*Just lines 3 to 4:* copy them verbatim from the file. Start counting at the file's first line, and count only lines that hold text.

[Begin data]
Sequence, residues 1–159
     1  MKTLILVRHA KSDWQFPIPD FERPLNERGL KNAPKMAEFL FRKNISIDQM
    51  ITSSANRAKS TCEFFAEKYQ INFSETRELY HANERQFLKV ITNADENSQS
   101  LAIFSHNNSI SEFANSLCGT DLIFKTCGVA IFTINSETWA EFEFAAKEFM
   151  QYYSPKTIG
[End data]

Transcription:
    51  ITSSANRAKS TCEFFAEKYQ INFSETRELY HANERQFLKV ITNADENSQS
   101  LAIFSHNNSI SEFANSLCGT DLIFKTCGVA IFTINSETWA EFEFAAKEFM